Pistons fire Michael Curry

Per ESPN…

Hours before the start of NBA free agency, Detroit Pistons president Joe Dumars made a splash of a different sort Tuesday, firing coach Michael Curry after just one season amid ongoing concerns about Curry’s command of the locker room and fears that keeping him could hamper Detroit’s offseason business.

NBA front-office sources told ESPN.com that the Pistons — projected to have more spending money than any team in the league when the market opens for business at 12:01 a.m. ET Wednesday — had been contemplating the move for weeks after Curry’s rocky debut season, and decided to go ahead with the change, in part to help maintain their position as the team with the most free-agent ammunition this summer.

The Pistons went 39-43 under Curry in a tumultuous 2008-09 campaign that ended with a first-round playoff sweep against Cleveland. Curry gradually lost support from some of Detroit’s veterans — most notably popular shooting guard Rip Hamilton — after he elected to move Hamilton to the bench to accommodate November trade acquisition Allen Iverson.

The article mentions Avery Johnson and Doug Collins (whose name is seemingly mentioned for every head coach opening) as possible replacements.

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Allen Iverson debuts in Pistons’ loss

It was an inauspicious beginning to the AI Era in Detroit.

Iverson himself was respectable (24p, 6a), but the Pistons lost to the Nets, 103-96.

According to ESPN’s Chris Sheridan, the Billups-for-Iverson trade might be more about how Detroit feels about Rodney Stuckey than either of the players involved.

When Detroit needed buckets in the fourth quarter, it was Stuckey running the show at the point, with Iverson off the ball.

And when the Pistons needed stops in the second half, it was Stuckey who continually was getting burned by Devin Harris (career-high 38 points, with 22 of his 24 free throw attempts coming in a second half in which Detroit surrendered 64 points to one of the NBA’s worst teams). All that time, Pistons coach Michael Curry refused to switch Iverson onto Harris — even as Stuckey was committing five fourth-quarter fouls on Harris.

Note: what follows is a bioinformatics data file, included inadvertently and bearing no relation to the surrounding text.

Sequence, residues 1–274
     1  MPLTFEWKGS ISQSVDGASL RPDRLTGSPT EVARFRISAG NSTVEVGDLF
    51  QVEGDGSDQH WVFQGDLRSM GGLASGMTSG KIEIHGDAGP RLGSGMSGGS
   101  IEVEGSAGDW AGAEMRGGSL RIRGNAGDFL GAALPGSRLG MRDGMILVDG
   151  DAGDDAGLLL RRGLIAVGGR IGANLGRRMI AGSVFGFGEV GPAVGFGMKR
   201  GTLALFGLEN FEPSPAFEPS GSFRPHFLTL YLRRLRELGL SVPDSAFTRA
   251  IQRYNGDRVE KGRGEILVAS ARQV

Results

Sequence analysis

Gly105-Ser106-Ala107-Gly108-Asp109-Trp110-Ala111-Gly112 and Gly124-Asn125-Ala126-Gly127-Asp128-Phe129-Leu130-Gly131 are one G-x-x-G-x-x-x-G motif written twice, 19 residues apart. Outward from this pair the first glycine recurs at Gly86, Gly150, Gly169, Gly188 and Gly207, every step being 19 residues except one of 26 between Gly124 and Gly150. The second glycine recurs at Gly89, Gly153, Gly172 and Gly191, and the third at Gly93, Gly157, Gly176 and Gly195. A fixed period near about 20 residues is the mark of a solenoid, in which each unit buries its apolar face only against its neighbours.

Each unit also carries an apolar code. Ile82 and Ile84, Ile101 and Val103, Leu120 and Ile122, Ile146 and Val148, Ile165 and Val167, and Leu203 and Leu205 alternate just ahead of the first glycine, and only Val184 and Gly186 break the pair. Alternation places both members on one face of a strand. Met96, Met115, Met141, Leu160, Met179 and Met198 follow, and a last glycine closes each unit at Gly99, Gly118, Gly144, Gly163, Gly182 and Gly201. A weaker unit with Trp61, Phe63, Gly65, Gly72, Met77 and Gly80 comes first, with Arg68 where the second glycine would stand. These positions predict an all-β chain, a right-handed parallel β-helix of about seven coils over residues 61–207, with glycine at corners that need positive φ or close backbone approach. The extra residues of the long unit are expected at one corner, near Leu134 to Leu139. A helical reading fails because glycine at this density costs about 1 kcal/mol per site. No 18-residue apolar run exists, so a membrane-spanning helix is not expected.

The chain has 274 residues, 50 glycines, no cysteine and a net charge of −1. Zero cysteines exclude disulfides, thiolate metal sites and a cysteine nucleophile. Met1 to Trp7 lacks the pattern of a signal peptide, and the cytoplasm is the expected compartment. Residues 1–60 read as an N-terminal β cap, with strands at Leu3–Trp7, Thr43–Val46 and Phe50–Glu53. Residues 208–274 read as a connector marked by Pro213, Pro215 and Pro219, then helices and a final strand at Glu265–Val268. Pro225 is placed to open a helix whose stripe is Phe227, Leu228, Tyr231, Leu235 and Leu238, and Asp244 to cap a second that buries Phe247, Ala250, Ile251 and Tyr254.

“Stuckey’s the point, and Harris is the point. What we do here in Detroit, you guard your position. And when he comes into the game, Allen slides to the 2. and if Devin Harris is outplaying you, you’re going to have to get better. That’s what you’re going to have to do — play your matchup,” Curry said.

A couple of things jump out from this game: 1) Devin Harris blew up, and he was on my list of “Six NBA players who are about to break out” and 2) Curry refuses to go with the best matchup defensively, instead insisting that each player guard his position (even if it is to the detriment to the team).

I don’t know too many coaches that don’t try to utilize the best matchups defensively. Regular readers know that I played for (current UW coach) Bo Ryan at the University of Wisconsin-Platteville. The other starting forward was the better defender, so Ryan would have him cover the other team’s best scoring forward. That left me with an “easier” matchup, and since I was one of my team’s primary scorers, going with that matchup would save my legs so I could hit crucial jump shots at the end of the game.

So why is Curry insisting that Stuckey – who is actually more of a combo guard – cover the lightning-quick Harris when he has his own lightning-quick guard on the court? It might be pure stubbornness, thickheadedness or he could be trying to light a fire under Stuckey defensively.

But back to the decision to play Iverson off the ball. More and more this trade is looking like one that is meant to keep butts in the seats for this season while giving the team salary cap flexibility to sign one or two big name free agents over the next two summers. Joe Dumars likely saw that, with Billups, the team was going to be competitive, but it wasn’t going to be a legitimate contender. With the backcourt shakeup, it looks like the team is going to give the ball to Stuckey and ask him to create, and it doesn’t really matter if this is the best thing for the 2008-09 Detroit Pistons.

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